But a few times a year I can give up sleep, take some time off work, and break my normal comfortable habits in the name of spending time with people that I love.

And every time I do a little more is added to my relationship bank.

And as a result I now have another shared experience with my kids, I know 5 more of my oldest sons friends, I’ve gotten another road trip in with a son that needs my time and attention.

These are meaningful things. They cost me something. But they are worth the cost.

Keep moving forward,

Greg

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40 in 40: Lesson #35

Route 40

40 in 40: #35

I’m waking up at 5:30am tomorrow morning.

Going to eat an energy bar, drink some coffee and drink a little gatorade.

Strap on my lucky running shoes.

Then drive downtown with my cousin, John, and run 26.2 miles.

And right now there isn’t a single thing that I can do to help me run better or faster tomorrow.

As my friend Dan said yesterday, “The hay is in the barn.”

Lesson #35

I can prepare as much as possible for things in life but at some point with almost everything you have to let go, do your best and accept the outcome: good, bad, or ugly.

I’ve never run a marathon before. The longest I’ve ever run before is 20 miles.

And there is a lot of question marks about those last 6.2 miles:

  • Can I do it?
  • Will my body seize up and force me to stop?
  • Do I have the will to endure serious pain to make it to the finish?
  • Will it take me forever?
  • Will I not be able to walk for 2 weeks afterwards?

I don’t have the answers to any of these questions, but I will in about 15 hours.

I’ll let you know how it goes.

For tonight, here’s the thing:

I can’t do anything else to get ready at this point. All I can do is show up and do my best.

I’m going to sleep well tonight.

Keep moving forward,

Greg

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40 in 40: Lesson #27

Route 40

40 in 40: #27

One of my sons went through a difficult experience recently.

It was not something he had anticipated, not a situation he wanted to be in, and changing the situation was going to be painful.

No parent wants to see their kid deal with a painful situation.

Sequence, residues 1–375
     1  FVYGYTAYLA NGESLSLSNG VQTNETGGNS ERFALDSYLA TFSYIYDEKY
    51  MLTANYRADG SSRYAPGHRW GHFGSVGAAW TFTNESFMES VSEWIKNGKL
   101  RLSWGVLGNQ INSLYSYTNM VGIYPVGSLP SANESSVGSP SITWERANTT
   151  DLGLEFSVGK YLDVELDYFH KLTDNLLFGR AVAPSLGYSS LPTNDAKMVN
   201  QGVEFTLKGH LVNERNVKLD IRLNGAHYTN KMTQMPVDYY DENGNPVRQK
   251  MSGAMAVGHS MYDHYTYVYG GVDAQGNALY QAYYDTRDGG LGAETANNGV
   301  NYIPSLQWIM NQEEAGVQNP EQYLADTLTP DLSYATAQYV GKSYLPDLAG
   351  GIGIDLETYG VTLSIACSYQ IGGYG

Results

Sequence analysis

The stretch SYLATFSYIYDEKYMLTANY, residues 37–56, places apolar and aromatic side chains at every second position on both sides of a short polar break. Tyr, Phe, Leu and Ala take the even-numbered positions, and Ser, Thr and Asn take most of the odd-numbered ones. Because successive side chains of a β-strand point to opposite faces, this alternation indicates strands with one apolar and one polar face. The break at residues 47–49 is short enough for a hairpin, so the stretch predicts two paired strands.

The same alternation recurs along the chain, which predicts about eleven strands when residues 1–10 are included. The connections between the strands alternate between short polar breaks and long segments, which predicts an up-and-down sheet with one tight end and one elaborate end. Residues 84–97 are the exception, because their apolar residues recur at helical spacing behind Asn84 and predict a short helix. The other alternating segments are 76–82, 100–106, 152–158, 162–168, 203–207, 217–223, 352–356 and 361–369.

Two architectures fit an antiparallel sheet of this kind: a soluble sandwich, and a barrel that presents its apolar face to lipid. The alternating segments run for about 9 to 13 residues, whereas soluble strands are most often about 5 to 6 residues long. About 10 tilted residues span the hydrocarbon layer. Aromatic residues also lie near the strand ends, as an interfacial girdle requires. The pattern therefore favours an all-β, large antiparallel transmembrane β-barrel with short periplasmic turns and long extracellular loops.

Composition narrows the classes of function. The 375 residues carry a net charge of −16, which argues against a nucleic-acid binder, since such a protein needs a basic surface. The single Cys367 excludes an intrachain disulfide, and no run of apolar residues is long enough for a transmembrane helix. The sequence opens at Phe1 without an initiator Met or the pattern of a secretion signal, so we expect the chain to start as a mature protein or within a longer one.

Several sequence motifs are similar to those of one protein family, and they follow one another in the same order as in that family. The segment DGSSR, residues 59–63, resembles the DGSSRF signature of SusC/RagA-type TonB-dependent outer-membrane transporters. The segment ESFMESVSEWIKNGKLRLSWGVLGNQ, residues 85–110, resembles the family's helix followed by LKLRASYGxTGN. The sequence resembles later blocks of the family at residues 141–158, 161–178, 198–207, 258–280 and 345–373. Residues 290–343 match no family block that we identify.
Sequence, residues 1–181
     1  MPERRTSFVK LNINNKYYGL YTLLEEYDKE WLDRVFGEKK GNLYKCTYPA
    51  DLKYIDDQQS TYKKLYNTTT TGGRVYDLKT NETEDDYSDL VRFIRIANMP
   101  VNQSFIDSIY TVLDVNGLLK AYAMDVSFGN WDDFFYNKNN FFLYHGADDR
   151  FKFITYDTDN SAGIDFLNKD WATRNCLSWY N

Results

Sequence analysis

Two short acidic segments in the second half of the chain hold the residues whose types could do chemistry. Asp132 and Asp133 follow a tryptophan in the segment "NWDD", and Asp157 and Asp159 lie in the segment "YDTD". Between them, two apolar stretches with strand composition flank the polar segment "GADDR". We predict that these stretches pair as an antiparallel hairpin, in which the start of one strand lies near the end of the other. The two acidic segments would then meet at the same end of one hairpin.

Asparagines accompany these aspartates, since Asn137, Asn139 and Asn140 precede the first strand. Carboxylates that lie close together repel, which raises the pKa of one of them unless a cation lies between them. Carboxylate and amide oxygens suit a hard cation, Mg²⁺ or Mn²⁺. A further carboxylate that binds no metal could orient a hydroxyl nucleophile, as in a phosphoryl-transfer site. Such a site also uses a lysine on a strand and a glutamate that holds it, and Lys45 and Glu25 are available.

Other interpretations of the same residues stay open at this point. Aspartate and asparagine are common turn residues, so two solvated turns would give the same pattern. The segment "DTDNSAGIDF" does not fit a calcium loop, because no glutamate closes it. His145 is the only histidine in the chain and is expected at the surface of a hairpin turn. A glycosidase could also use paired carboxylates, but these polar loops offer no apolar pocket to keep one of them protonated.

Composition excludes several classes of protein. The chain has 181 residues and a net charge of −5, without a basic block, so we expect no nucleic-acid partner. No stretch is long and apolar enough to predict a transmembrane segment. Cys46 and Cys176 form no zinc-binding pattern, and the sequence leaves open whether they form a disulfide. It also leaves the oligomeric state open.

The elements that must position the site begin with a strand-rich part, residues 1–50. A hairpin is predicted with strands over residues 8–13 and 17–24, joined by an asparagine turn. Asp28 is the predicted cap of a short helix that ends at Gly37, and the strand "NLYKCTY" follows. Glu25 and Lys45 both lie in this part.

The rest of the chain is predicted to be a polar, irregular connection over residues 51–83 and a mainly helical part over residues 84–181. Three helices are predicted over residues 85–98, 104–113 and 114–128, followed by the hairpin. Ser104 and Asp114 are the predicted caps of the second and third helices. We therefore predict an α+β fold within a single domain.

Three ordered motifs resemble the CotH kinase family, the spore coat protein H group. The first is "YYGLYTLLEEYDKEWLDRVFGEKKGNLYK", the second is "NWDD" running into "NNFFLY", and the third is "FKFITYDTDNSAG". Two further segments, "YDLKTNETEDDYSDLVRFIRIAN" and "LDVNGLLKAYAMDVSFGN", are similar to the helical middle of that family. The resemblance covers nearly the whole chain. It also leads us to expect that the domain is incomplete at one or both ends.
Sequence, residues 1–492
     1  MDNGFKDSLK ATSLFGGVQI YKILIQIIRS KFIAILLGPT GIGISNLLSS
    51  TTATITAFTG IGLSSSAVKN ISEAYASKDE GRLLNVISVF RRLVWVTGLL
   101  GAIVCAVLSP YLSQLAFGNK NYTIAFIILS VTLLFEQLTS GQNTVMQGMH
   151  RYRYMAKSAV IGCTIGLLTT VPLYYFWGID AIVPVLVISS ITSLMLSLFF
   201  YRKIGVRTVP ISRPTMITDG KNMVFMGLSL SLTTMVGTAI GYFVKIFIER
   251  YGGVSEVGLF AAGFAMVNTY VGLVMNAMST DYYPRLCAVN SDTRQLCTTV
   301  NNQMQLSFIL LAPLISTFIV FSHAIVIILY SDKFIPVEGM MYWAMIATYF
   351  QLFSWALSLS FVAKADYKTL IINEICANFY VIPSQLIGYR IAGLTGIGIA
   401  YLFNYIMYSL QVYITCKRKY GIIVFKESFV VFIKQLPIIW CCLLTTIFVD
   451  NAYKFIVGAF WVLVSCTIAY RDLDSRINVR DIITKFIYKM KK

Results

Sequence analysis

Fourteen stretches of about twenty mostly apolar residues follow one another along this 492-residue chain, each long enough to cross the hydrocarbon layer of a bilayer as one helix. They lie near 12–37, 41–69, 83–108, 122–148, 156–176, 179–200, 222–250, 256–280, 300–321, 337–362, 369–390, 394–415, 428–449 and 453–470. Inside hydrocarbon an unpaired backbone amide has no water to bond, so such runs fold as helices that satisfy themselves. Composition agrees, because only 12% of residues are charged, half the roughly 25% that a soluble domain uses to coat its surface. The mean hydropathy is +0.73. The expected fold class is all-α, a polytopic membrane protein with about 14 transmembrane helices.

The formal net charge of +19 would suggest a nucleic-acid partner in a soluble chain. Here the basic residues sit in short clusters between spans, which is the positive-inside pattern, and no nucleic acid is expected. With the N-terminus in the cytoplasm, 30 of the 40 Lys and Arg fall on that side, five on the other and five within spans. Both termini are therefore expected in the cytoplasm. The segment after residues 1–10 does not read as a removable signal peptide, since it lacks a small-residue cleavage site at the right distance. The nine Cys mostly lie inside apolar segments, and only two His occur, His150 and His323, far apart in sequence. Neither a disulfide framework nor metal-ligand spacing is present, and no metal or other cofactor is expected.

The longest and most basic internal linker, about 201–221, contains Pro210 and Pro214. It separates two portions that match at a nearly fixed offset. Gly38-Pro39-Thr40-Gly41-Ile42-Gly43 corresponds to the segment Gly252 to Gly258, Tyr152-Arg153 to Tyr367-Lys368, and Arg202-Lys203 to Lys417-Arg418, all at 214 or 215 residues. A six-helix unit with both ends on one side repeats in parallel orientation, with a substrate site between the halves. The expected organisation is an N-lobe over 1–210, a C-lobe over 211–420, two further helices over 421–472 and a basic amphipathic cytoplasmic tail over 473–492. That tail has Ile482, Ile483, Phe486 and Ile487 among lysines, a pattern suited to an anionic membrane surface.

But pain is inevitable and in many circumstances the only thing you can do is act.

And then wait.

Lesson #27

You have to give time, time.

That may sound trite.

But for a lot of issues that we face, time will be what is needed. In fact for many things time is the only solution.

  • Great relationships don’t happen overnight, they take time.
  • Businesses don’t happen overnight, they take time.
  • Children don’t mature overnight, it takes time.
  • Broken legs don’t heal overnight, it takes time.
  • Culture isn’t affected overnight, it takes time.
  • Doctors aren’t trained overnight, it takes time.
  • Getting a job if you are out of work takes time.
  • Creative work like we do at Blue Ocean Ideas doesn’t happen overnight.

It all takes time.

What things in your life do you need to give time, time?

Keep moving forward,

Greg

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40 in 40: Lesson #7

Route 40

40 in 40: #7

I’ve been eating breakfast at the Towson Diner on Friday mornings since September 3, 2004.

That was the first week of middle school for Caleb. Since then I’ve had one child in middle school and we have breakfast together Friday mornings. Caleb has done it. Josh has done it and now Riley is doing it.

In about 1,100 days Seth will be doing it.

It’s not an elaborate event. We get there around 7:15 and are gone by 8:00 and I’m in the office by 8:10 (yes I have a terribly easy commute). While we are there we read together and we talk.

That’s it.

When I was a younger parent I spent a lot of time creating “strategic plans” for my family (Seriously…I’m exciting like that. Gotta love a spreadsheet!). Most of these were well intentioned but doomed. Too formulaic, structured and ambitious. They usually consisted of some kind of checklist about our mental, spiritual, emotional, and physical health and the “activities” that were going to keep things in top shape.

I wasn’t easy to live with back then. If you have something like that for your family and it works that’s awesome.

For me about 10 years ago I realized that heroic effort on my part was not going to achieve the results I was looking for.

Lesson #7

Long endurance in the same direction creates good results.

At the end of the day what I really want is to have a great relationship with my kids. And one way I can do that is by spending time with each of them during a critical period in their lives. It doesn’t take heroic effort on my part to take a kid to a diner once a week and spend time with them.

What it does take is making a simple commitment and habituating it. We do that in 100’s of other ways in our lives (you did brush your teeth today right?).

There is no magic formula for parenting. I tell people that you will probably know the quality of Elise and my parenting in about 40 years. Only time will tell.

I do know that time together to talk creates space for good things to happen. That I can make happen.

What things are you putting in your life consistently that over time will produce the results you are looking for?

Keep moving forward,

Greg